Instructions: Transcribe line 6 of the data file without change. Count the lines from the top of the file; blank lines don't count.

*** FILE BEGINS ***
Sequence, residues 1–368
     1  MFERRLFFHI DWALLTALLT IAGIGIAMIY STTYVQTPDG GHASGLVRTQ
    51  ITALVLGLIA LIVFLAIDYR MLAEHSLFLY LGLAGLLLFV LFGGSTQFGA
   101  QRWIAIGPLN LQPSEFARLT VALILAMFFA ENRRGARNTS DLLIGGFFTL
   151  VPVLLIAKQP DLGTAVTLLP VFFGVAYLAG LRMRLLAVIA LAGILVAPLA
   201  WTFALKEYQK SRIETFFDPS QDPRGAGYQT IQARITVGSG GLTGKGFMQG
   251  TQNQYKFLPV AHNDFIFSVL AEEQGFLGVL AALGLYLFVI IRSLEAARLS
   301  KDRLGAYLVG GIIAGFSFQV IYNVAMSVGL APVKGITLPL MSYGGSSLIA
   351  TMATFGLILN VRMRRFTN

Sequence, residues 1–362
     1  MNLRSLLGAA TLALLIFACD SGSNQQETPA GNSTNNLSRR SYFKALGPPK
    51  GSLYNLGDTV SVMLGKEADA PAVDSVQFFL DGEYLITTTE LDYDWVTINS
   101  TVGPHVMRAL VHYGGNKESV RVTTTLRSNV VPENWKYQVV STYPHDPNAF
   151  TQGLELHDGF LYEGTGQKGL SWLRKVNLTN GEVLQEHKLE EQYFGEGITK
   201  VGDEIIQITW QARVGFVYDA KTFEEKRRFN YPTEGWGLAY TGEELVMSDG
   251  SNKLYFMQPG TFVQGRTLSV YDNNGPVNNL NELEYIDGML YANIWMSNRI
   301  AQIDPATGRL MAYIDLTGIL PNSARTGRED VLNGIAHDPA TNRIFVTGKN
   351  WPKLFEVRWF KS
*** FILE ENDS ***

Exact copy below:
   201  WTFALKEYQK SRIETFFDPS QDPRGAGYQT IQARITVGSG GLTGKGFMQG